Pavlov in the Middle East

Here we go again.

In the last 48 hours, the Israeli Air Force bombed twice in Syria. Foreign sources (as the Israeli government is keeping mute for now) say the targets, near the capital Damascus, were long-range missiles en route from Iran to Hezbollah in Lebanon. The Israeli Cabinet was convened hastily and Iron Dome anti-missile batteries were deployed in the north. Nobody knows yet what will happen after this clear casus belli act by Israel, which violated the sovereignty of two countries (Lebanon and Syria).

All this is “more of the same”. Israel, as President Obama rightly noted, has the right to defend itself against threats, present and future. So no big news. What is more interesting, however, is the timing.

Only a few days ago the Arab League reiterated its backing of a peace proposal based on land swaps, a proposal that has been put forward by the Saudis a decade ago and has been rejected (or ignored) by Israel’s governments since. The new US Secretary of State called this a “big step” forward, and announced he will be coming to the region soon for promoting new peace talks.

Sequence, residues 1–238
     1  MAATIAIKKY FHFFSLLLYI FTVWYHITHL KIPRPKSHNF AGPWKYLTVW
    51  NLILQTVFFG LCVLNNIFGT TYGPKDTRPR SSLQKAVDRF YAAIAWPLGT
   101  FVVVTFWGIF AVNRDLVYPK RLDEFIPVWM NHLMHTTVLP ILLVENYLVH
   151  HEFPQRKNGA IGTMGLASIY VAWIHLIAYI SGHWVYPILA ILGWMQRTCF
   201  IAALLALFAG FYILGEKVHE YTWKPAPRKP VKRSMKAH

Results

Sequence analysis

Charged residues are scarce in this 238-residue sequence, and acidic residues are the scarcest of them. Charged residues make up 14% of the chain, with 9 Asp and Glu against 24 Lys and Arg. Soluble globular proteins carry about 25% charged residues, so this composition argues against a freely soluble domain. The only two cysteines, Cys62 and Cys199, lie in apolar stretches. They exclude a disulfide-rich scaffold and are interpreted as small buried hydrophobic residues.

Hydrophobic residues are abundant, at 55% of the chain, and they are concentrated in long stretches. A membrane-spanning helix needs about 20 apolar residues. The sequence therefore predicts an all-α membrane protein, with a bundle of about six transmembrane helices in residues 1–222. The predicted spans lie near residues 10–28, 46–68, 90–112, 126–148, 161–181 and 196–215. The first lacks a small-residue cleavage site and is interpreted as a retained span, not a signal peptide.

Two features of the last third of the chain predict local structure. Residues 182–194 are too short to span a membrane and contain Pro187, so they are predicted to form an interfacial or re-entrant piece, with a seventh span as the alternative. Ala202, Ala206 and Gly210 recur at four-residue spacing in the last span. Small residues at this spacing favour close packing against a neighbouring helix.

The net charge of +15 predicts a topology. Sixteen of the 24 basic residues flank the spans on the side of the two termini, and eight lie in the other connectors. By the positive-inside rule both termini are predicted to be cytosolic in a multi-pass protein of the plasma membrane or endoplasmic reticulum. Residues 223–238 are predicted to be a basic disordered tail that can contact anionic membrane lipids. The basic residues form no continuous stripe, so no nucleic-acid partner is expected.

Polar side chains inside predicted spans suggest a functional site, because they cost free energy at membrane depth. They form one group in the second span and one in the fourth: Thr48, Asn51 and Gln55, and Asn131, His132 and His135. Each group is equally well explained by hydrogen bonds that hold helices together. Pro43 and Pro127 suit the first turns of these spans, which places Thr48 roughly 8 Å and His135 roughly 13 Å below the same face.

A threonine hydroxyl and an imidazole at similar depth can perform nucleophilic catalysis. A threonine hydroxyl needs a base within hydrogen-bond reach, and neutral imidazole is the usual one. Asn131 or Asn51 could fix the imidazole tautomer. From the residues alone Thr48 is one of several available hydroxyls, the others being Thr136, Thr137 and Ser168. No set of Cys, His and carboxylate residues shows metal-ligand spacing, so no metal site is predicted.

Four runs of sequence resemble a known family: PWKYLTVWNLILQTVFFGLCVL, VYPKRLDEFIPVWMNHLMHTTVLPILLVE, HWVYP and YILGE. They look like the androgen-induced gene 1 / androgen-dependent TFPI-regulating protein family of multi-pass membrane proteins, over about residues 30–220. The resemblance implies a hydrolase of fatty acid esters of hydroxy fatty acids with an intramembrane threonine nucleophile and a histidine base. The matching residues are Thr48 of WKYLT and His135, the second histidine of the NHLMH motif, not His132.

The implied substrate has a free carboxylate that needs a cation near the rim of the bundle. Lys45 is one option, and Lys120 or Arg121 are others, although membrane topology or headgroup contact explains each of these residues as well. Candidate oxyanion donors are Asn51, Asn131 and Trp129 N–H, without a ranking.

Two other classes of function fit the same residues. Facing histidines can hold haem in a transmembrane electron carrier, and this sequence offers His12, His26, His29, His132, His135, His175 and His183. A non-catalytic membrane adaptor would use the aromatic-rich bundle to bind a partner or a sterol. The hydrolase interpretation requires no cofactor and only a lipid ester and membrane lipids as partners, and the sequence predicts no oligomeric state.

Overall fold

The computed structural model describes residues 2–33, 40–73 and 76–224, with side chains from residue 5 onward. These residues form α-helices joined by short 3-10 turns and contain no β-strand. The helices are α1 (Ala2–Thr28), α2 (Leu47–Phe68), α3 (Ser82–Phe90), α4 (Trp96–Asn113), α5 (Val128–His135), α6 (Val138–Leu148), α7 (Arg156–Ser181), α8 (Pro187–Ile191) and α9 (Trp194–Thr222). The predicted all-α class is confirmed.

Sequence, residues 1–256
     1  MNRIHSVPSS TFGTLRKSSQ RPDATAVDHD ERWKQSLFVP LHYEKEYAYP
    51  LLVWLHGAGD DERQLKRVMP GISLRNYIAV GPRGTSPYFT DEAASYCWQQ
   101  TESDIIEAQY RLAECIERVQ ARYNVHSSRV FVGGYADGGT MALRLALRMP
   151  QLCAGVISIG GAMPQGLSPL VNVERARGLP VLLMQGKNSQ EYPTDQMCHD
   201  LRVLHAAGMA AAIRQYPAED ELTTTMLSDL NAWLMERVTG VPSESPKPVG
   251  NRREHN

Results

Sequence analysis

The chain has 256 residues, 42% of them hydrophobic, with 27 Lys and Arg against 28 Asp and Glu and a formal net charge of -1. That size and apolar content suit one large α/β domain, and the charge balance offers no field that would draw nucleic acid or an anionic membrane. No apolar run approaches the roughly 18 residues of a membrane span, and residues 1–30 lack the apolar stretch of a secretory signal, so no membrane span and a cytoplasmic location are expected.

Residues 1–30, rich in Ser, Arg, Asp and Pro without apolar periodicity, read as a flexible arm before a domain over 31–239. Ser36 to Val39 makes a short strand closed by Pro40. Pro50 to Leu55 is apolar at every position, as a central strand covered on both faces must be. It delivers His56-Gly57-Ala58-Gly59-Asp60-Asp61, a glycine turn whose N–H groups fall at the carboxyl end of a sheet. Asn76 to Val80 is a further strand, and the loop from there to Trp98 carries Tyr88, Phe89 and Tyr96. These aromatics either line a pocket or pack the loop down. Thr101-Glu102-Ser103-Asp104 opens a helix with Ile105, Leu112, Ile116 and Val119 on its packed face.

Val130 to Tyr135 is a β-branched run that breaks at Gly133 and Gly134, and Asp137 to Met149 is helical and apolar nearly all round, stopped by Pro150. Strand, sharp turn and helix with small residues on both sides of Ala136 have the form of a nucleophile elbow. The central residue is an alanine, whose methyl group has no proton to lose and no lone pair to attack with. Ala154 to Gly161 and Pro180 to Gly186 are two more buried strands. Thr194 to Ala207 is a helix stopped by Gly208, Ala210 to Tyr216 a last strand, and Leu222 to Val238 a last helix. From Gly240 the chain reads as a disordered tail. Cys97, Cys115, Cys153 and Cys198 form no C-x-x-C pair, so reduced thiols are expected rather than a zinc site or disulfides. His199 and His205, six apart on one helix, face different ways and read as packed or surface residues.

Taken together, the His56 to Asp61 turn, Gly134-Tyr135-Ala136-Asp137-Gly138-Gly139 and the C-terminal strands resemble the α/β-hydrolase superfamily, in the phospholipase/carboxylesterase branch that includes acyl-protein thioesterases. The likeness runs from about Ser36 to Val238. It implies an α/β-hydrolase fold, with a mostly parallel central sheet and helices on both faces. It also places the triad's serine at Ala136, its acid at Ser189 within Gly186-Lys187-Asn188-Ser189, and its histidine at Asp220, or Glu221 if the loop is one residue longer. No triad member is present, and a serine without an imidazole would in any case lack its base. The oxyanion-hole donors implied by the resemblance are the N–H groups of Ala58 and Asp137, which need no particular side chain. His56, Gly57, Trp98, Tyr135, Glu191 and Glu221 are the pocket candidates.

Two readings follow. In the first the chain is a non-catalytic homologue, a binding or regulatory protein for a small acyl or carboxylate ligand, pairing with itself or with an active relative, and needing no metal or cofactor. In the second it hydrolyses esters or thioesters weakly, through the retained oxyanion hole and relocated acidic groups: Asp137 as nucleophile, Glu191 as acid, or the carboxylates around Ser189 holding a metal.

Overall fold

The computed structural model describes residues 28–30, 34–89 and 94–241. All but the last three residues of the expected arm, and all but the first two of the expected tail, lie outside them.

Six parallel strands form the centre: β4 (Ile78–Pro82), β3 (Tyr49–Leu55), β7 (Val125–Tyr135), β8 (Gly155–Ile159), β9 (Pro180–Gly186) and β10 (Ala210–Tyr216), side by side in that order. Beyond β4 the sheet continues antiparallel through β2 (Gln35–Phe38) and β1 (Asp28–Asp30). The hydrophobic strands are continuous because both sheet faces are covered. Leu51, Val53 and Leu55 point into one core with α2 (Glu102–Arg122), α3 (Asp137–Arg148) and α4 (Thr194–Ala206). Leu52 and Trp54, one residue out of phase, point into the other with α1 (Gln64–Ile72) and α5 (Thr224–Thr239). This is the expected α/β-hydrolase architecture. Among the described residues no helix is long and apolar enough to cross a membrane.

This is all scary stuff for Netanyahu’s government. Peace is the last thing on its agenda (despite rhetoric to the contrary).

So, in a classic Pavlovian conditioning reaction, the government turned to the age-old, tested antidote to any peace rumblings in this region: the threat of war. By bombing the capital of Syria at this particular moment in time, the government made sure the drums of war drown out any mumbling about peace. It has put us all back safely in our comfort zone, and now all the attention is focused on how the other side will respond, how we will respond to that response, and so on and so forth.

Peace talks? When missiles are flying? Are you crazy?


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